Systems Thinking for Social Change: A Practical Guide to Solving Complex Problems, Avoiding Unintended Consequences, and Achieving Lasting Results

Systems Thinking for Social Change A Practical Guide to Solving Complex Problems Avoiding Unintended Consequences and Achieving Lasting Results Donors leaders of nonprofits and public policy makers usually have the best of intentions to serve society and improve social conditions But often their solutions fall far short of what they want to

  • Title: Systems Thinking for Social Change: A Practical Guide to Solving Complex Problems, Avoiding Unintended Consequences, and Achieving Lasting Results
  • Author: David Peter Stroh
  • ISBN: 9781603585804
  • Page: 192
  • Format: Paperback
  • Donors, leaders of nonprofits, and public policy makers usually have the best of intentions to serve society and improve social conditions But often their solutions fall far short of what they want to accomplish and what is truly needed Moreover, the answers they propose and fund often produce the opposite of what they want over time We end up with temporary shelters thDonors, leaders of nonprofits, and public policy makers usually have the best of intentions to serve society and improve social conditions But often their solutions fall far short of what they want to accomplish and what is truly needed Moreover, the answers they propose and fund often produce the opposite of what they want over time We end up with temporary shelters that increase homelessness, drug busts that increase drug related crime, or food aid that increases starvation How do these unintended consequences come about and how can we avoid them By applying conventional thinking to complex social problems, we often perpetuate the very problems we try so hard to solve, but it is possible to think differently, and get different results.Systems Thinking for Social Change enables readers to contribute effectively to society by helping them understand what systems thinking is and why it is so important in their work It also gives concrete guidance on how to incorporate systems thinking in problem solving, decision making, and strategic planning without becoming a technical expert Systems thinking leader David Stroh walks readers through techniques he has used to help people improve their efforts to end homelessness, improve public health, strengthen education, design a system for early childhood development, protect child welfare, develop rural economies, facilitate the reentry of formerly incarcerated people into society, resolve identity based conflicts, and The result is a highly readable, effective guide to understanding systems and using that knowledge to get the results you want.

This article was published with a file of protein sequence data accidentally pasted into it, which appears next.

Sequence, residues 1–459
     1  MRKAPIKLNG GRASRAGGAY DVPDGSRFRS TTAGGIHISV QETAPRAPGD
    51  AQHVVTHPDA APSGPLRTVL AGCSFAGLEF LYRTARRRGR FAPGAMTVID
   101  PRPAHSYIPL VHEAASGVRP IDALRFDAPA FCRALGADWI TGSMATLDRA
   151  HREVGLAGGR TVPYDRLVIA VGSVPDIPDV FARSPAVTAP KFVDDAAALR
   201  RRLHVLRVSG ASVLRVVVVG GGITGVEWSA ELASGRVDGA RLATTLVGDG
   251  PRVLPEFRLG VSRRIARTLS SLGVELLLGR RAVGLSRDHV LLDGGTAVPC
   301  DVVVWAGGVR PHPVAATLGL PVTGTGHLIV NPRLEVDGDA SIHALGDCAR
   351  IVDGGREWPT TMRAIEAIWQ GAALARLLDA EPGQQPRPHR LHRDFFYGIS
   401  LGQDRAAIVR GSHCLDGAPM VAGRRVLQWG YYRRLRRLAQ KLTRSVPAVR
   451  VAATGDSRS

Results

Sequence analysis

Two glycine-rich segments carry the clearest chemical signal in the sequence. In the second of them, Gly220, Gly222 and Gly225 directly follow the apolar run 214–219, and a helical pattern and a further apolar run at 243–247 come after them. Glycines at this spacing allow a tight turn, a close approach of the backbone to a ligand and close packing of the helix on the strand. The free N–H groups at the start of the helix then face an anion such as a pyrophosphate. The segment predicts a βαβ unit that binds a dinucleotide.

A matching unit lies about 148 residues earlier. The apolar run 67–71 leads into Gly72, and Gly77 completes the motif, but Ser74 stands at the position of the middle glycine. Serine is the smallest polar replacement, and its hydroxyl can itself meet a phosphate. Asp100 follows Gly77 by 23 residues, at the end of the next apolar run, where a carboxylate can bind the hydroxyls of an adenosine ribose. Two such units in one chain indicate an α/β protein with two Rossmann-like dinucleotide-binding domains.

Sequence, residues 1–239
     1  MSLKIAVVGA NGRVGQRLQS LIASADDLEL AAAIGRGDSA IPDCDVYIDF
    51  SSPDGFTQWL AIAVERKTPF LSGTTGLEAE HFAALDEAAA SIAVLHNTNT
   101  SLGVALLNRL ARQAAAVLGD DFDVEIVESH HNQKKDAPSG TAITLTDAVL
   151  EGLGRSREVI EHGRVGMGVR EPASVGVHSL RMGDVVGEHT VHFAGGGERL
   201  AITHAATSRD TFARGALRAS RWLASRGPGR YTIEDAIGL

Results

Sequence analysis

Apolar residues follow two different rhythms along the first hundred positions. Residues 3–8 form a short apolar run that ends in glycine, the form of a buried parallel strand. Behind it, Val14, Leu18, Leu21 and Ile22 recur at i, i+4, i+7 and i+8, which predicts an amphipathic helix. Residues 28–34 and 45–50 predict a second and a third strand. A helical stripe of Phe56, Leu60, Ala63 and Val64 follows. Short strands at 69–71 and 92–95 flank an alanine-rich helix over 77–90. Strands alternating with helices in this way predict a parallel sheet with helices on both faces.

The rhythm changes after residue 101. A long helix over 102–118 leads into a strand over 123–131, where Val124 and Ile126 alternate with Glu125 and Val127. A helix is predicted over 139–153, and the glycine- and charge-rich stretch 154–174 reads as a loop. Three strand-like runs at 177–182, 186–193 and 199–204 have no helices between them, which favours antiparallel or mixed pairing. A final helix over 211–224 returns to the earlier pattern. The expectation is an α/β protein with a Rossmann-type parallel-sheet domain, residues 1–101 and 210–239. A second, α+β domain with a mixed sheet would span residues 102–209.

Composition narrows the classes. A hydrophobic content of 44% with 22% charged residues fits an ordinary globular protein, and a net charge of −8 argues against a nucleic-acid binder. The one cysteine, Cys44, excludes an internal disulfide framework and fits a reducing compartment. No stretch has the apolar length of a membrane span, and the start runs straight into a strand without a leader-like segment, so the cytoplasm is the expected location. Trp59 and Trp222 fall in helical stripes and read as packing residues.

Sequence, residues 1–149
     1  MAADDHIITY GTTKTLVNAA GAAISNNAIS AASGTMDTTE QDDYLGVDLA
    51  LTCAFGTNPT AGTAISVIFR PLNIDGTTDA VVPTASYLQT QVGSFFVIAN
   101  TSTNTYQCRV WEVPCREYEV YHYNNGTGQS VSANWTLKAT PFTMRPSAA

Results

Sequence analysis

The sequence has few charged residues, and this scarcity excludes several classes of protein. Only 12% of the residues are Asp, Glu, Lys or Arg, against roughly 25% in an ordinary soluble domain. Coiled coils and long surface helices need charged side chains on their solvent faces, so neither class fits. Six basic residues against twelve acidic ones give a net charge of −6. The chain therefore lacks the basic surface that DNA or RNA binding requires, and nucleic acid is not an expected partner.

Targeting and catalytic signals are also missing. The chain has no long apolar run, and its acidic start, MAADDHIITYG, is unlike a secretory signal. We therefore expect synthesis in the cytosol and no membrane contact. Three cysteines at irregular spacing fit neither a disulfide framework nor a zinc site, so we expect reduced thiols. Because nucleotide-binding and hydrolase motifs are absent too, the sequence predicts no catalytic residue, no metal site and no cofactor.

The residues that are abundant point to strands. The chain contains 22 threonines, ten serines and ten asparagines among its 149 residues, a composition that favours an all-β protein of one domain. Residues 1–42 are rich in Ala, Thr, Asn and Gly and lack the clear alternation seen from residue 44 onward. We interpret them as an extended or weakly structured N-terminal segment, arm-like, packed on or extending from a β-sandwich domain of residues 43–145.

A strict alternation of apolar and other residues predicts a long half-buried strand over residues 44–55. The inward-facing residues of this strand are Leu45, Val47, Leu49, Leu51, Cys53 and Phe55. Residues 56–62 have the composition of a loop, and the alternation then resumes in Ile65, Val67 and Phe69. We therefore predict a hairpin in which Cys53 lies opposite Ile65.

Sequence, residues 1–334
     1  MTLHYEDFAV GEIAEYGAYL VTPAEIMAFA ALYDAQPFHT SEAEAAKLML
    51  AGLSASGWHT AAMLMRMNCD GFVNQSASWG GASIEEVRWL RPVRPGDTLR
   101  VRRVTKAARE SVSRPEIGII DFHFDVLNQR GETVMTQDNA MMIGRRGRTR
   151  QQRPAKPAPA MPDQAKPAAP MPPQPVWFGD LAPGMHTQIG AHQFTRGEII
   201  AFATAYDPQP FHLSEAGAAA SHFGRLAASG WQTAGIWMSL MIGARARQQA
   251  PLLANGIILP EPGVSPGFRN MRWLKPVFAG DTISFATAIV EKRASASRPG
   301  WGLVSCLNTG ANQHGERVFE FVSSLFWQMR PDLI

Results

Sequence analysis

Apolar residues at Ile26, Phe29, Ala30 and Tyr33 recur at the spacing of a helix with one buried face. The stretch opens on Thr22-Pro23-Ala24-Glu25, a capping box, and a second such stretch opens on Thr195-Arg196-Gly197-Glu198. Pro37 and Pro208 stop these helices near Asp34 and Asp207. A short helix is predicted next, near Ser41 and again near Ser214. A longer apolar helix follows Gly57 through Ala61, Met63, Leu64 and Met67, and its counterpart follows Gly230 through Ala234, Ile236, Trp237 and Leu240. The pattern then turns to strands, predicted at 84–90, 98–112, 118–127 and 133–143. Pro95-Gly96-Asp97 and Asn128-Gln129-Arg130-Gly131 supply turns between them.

One thought on “Systems Thinking for Social Change: A Practical Guide to Solving Complex Problems, Avoiding Unintended Consequences, and Achieving Lasting Results”

    1. Using this with a class of only a dozen students in an upper-level course on Applied Social Policy in Portland, Maine this term, and I think it provides a clear model that students can use to work with a local "community partner" to achieve some positive social change. The best systems thinking on social and local issues gets us to root-cause analysis, and I think Stroh succeeds in giving us a way to map complex social problems that does that. My Master's thesis adviser was Walter Buckley, a soc [...]